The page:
Creative LIAisons: Bravery, Honesty, Intimacy
We’re at the London International Awards’ Creative LIAisons event in Las Vegas this week and there’s been a lot of talk about bravery. Perhaps the bravest of the lot were the Radio jury, who decided to watch Sunday night’s US presidential debate at the Trump Hotel in Las Vegas. Judging by the trauma in their eyes when I met them in the bar after, the experience was less LOLworthy and more deeply alarming than perhaps they had predicted. But, hey, one of the themes across several of the talks so far has been about getting out of the office in order to uncover nuggets of truth. And the Radio Jury certainly embraced that philosophy with their adventures far beyond the comfortable walls of the adland bubble.
In reality, the bravest of the bunch are probably the LIA organisers, who have abandoned the glamour of an award show. Instead they spend the money that would have gone on a fancy party flying young creatives from all over the world to Vegas for judging week. Every year I go to Creative LIAisons I’m blown away by the calibre of speakers and the access the hungry up-and-comers get.
So far they’ve seen Mark Tutssel, Malcolm Poynton, Ted Royer, Matt Eastwood, Dörte Spengler-Ahrens, Pum Lefebure, and Ralph Van Dijk – oh yeah – and Bob Isherwood too. And after the busy day schedule, there are the Las Vegas nights when the young creatives can hang out with speakers and judges. Tomorrow, Shark Tank’s Daymond John will fly in to lead a new creative entrepreneurship workshop.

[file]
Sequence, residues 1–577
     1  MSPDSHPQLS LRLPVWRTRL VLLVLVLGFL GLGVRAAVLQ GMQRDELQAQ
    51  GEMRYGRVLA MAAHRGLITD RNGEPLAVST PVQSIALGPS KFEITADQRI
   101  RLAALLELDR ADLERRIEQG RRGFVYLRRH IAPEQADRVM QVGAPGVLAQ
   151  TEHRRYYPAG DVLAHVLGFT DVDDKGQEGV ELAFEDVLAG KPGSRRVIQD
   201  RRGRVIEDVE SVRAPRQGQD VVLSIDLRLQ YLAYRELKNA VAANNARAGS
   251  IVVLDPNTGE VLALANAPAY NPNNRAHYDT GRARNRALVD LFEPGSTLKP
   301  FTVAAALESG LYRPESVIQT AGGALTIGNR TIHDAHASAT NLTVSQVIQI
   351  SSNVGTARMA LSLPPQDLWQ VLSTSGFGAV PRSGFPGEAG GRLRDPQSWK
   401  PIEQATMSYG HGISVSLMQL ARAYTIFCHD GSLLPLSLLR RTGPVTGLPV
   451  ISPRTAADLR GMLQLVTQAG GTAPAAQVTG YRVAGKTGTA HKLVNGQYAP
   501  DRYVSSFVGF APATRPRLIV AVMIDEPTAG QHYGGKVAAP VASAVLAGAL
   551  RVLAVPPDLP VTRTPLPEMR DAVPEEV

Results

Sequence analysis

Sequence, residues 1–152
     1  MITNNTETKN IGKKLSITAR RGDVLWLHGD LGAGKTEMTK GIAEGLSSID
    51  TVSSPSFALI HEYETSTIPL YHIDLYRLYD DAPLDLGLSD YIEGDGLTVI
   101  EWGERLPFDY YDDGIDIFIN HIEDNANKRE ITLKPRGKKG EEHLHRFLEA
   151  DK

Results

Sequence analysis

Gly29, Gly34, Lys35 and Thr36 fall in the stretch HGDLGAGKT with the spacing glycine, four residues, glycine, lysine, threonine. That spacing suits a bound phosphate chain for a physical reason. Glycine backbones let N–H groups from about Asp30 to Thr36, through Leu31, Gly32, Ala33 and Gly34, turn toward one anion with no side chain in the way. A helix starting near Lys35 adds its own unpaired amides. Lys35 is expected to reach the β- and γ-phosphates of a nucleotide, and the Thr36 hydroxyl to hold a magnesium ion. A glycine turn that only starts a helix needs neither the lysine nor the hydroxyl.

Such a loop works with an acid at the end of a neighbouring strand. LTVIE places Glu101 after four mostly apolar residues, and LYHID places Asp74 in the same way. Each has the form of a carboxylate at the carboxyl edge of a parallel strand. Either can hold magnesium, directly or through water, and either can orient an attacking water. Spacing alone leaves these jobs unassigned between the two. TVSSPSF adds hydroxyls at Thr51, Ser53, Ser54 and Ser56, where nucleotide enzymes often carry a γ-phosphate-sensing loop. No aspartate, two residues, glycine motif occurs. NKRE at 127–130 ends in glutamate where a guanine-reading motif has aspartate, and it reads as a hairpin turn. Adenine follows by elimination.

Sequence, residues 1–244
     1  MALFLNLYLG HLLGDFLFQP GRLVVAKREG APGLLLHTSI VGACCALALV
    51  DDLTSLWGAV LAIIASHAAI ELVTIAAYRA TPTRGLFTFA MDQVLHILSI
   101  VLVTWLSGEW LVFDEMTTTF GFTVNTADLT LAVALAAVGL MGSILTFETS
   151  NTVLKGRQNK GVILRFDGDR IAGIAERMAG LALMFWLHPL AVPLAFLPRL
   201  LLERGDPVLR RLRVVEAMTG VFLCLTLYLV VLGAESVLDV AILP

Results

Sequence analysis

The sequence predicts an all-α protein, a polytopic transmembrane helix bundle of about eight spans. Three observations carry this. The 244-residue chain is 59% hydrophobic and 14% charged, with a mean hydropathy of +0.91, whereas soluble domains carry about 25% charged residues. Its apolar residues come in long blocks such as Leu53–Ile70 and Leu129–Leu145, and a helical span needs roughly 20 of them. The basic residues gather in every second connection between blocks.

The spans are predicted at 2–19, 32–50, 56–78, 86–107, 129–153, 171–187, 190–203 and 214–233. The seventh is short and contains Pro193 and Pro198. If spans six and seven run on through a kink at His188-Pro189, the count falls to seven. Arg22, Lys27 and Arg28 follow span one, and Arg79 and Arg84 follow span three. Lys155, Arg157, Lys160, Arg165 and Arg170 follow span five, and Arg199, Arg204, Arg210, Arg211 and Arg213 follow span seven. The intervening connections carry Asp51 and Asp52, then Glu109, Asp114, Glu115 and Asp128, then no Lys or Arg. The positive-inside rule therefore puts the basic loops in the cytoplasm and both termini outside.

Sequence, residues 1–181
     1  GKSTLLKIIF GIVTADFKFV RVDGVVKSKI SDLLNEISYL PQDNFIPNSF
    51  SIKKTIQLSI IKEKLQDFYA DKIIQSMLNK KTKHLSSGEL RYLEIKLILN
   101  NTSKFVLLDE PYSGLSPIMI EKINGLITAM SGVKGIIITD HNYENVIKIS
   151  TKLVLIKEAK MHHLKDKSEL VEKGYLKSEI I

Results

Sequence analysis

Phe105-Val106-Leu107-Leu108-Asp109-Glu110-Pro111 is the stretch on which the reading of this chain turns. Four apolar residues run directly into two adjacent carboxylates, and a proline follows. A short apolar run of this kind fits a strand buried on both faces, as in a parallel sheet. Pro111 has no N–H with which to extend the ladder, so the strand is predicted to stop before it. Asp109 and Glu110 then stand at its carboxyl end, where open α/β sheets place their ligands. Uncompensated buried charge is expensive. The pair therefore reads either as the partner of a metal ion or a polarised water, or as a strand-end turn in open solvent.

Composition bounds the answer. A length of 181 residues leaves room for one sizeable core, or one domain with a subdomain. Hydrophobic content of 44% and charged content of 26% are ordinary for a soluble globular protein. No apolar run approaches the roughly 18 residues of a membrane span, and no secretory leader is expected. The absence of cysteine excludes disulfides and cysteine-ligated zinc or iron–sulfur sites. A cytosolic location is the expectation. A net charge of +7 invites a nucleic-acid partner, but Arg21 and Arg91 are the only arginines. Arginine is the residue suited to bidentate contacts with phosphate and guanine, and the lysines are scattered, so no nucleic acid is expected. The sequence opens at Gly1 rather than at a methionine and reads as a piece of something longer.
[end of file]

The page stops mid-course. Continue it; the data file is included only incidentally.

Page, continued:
Also brave are the attending young creatives, who haven’t been afraid to ask some really sticky, tricky questions. One woman asked Ted Royer whether the personal sacrifices involved in being a creative are worth it. The honesty of the question really struck me – it was as much an admission of worries and perhaps a little self-doubt as it was a career question. But this was a safe space and Ted answered her question with grace and positivity while acknowledging the truth in her question. He spoke about burnout and the importance of sabbaticals.
Perhaps there’s truth in the phrase ‘What happens in Vegas stays in Vegas’ – and when it comes to the LIAs, it’s a phrase that applies not because of bad behaviour but because of the intimacy and honesty of the event.